The following earnings and price correlated FAST Graph on Alexion Pharmaceuticals clearly illustrate how powerful investing in growth stocks can be. From December 31, 2008 to November 28, 2014 Alexion shareholders saw their money grow ten-fold as they achieved an astounding 49.5% annualized compound rate of return. To be clear, a single onetime $10,000 investment grew to $107,709.54, and this is without receiving a single dime of dividend income. Growth stocks are great investments when growth is good.
However, growth stocks can be (usually are) very risky investments because there is no margin for error. If there is even a slight interruption in the growth, even a temporary one as we saw with Alexion in 2015 and 2016, the results can be catastrophic. The following screenshot shows how vulnerable Alexion’s highflying share prices were to the modest drops in operating earnings the company experienced in 2015 and 2016 (Note the drop on the orange line). From prices and earnings peaking by year-end 2014 to July 8, 2020, Alexion shareholders saw their stock values drop 44.6% representing a (-10%) annualized compound rate of loss.
But like there is with every cloud, there is a silver lining in what has happened to Alexion’s share price since 2014. Alexion’s valuation has gone to extremely high to extremely low. Therefore, it has gone from high risk poor returns to low risk high potential returns. If Alexion does achieve the earnings growth that analysts expect, and the company trades at a market neutral P/E ratio of 15, investors stand to generate 27% plus annualized rates of return out to 2022. High risk has now become low risk high opportunity.
FUN Graphs (financial underlying numbers): A Deeper Look At Alexion’s Fundamentals
Strong Revenue Growth
Since fiscal year 2007 Alexion has grown revenues per share at a compound annual growth rate (CAGR) of 37.2%. However, much of that growth is attributed to their blockbuster drug Soliris. Therefore, the success of their deep pipeline has become incredibly important to their future. This is a classic risk that investors must always assume when investing in pharmaceuticals or biotechnology companies. Patents and pipelines will determine the future of those enterprises.
Gross and Net Profit Margins
Since 2010 gross margins have been stable while net margins have been under pressure. However, in 2019 Alexion’s net margin exploded from 1.88% in 2018 to 48.53% in 2019.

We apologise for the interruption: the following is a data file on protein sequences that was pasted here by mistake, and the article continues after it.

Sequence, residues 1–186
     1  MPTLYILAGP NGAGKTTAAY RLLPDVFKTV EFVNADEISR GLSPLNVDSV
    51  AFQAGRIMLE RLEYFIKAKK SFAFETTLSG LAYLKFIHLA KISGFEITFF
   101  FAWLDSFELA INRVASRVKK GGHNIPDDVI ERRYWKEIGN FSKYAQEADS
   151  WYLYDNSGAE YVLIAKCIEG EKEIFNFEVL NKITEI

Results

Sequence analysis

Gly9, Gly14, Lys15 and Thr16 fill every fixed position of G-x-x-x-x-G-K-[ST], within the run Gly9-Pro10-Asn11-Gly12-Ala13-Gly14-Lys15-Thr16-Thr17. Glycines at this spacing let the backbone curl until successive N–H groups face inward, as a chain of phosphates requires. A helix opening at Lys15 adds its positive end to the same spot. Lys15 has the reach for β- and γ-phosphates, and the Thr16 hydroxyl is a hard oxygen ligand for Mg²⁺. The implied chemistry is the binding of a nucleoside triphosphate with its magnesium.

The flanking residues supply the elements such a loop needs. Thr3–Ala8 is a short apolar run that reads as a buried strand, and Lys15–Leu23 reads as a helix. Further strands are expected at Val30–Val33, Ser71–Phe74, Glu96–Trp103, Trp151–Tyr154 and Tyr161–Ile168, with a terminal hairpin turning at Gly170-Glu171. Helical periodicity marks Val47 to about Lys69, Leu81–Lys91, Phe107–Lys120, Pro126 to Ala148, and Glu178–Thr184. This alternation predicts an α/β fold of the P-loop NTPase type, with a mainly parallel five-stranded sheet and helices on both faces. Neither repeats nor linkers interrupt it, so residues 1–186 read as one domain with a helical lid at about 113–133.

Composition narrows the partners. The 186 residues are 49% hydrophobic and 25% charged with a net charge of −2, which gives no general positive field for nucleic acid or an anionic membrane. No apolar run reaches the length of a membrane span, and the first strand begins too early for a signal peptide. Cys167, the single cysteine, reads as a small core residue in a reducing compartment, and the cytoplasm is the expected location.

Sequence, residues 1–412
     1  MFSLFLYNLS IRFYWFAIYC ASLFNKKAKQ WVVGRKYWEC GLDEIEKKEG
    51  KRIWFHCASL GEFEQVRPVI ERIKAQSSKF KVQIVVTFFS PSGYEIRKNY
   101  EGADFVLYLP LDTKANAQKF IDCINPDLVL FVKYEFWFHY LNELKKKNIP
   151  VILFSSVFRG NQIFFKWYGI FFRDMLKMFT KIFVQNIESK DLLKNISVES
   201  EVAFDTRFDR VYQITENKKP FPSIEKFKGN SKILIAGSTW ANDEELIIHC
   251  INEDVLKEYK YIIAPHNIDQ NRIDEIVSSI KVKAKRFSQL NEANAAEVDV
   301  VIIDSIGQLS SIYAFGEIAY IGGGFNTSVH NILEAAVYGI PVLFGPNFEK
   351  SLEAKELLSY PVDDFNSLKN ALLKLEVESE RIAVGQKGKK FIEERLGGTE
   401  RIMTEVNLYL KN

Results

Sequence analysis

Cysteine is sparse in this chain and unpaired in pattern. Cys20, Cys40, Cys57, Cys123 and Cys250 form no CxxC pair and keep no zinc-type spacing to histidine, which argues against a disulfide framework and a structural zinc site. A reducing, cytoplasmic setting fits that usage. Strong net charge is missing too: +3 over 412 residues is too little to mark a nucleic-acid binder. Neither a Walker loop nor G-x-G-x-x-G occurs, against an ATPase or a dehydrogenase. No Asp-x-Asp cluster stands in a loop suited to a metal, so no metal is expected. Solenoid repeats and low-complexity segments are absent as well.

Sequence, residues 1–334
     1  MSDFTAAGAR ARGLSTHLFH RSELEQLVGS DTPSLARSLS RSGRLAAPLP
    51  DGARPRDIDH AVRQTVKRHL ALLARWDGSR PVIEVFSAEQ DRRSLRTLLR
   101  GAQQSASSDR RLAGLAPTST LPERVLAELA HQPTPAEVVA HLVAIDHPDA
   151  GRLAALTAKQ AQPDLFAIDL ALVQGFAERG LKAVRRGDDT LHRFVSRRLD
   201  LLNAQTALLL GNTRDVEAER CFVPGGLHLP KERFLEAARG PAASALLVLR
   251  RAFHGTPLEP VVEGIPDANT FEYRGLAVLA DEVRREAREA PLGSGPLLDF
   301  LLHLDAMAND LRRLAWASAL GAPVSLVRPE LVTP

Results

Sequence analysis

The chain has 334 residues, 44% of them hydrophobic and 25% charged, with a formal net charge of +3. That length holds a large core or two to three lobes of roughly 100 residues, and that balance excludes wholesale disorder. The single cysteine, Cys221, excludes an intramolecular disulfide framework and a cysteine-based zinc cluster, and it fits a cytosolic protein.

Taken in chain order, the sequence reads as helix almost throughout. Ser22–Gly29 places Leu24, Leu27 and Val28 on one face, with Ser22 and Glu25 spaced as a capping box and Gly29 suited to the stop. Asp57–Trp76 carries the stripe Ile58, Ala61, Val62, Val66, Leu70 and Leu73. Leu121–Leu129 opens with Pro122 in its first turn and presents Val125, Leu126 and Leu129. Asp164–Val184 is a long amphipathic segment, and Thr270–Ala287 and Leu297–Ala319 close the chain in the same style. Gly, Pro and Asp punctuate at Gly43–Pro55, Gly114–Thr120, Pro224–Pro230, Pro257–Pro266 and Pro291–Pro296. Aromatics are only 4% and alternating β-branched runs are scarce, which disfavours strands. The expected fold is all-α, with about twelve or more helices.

Total Debt and Long-Term Debt
As I will provide more detail later, Alexion has added several acquisitions in recent years. As a result, they have also added substantially more debt. However, even so, the company’s long-term debt to capital ratio remains at a very low 17%.
Alexion Pharmaceuticals: invested Capital Per Share
Alexei has also seen their invested capital per share balloon in recent years as part of their acquisition policy.
Alexion Pharmaceuticals: Assets Per Share
Alexion’s assets per share have grown and 34% per annum since 2007. Therefore, the company’s increase in debt and invested capital has also correlated with a significant increase in assets.
Alexion Pharmaceuticals: Strong Liquidity Ratios
In spite of all the debt and capital investments listed above, Alexion still maintains extremely strong current ratios and quick ratios suggesting that they can meet all of their obligations and then some.
Alexion Pharmaceuticals: Growing Book Value
Alexion’s acquisition strategy has also allowed them to increase their book value by 42.8% per annum since 2007.
Alexion Pharmaceuticals: Price-To-Book Value Suggest Undervaluation
Alexion ended 2019 with the stock price trading at 2.12 times book value. This is in sharp contrast to its trading at approximately 11 times book value in 2013 and 2014, which is referenced above, was when the stock was significantly overvalued.
Alexion Pharmaceuticals: Selling Shares When Their Prices Were High
I do not think it should go unnoticed that Alexion took advantage of their excessive valuations from 2008 through 2015 by issuing stock. My own personal view is I like to see companies selling their stock when it’s high and only buying it back when it’s low. Consequently, I give Alexion’s high marks for tapping the capital markets and raising capital to fund acquisitions when their stock price was extremely high.
Alexion Pharmaceuticals Summary Of Acquisitions
Alexion has achieved a lot of its growth through acquisitions. The following is an announcement courtesy of Seeking Alpha on the company’s most recent acquisition, followed by a summary of recent acquisitions courtesy of Zacks Investment Research:
“Alexion Pharmaceuticals (NASDAQ:ALXN) has completed its acquisition of Portola Pharmaceuticals (NASDAQ:PTLA), through a tender offer and merger with its subsidiary, Odyssey Merger Sub Inc. (“Buyer”).
The acquisition adds Factor Xa inhibitor reversal agent Andexxa, marketed as Ondexxya in Europe, to Alexion’s commercial portfolio.”
“Zacks Investment Research
Alexion acquired Sweden-based biopharmaceutical company, Wilson Therapeutics AB, and clinical-stage biotechnology company, Syntimmune, in 2018. The company recently acquired Achillion Pharmaceuticals. The acquisition adds two oral Factor D inhibitors, danicopan (ACCH-4771) and ACH-5228, to Alexion’s clinical-stage pipeline for the treatment of rare diseases associated with the complement alternative pathway. Phase III development is being initiated for danicopan as an add-on therapy for PNH patients with extravascular hemolysis (EVH). Danicopan is also in phase II development for C3 glomerulopathy (C3G) and ACH-5228 is in phase II development for PNH. Alexion also has a robust pipeline of several candidates under development across a range of therapeutic modalities.”
FAST Graphs Analyze Out Loud Reviewing Alexion:
Summary and Conclusions
In my opinion and experience, it has become increasingly more difficult to find companies that are capable of growing their businesses at above-average rates that are simultaneously attractively valued. Alexion Pharmaceuticals currently represents one of those rare opportunities. This company is purely a growth stock which pays no dividends. However, it also qualifies as a GARP opportunity, which is an acronym for growth at a reasonable price.
Although as I previously indicated, there is always risk associated with investing in growth stocks, investors will also be compensated for taking those risks if the company achieves their growth objectives. I believe Alexion Pharmaceuticals is a high growth biopharmaceutical capable of delivering above-average future growth based on a robust pipeline of pending new drugs.
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Disclosure: No Position.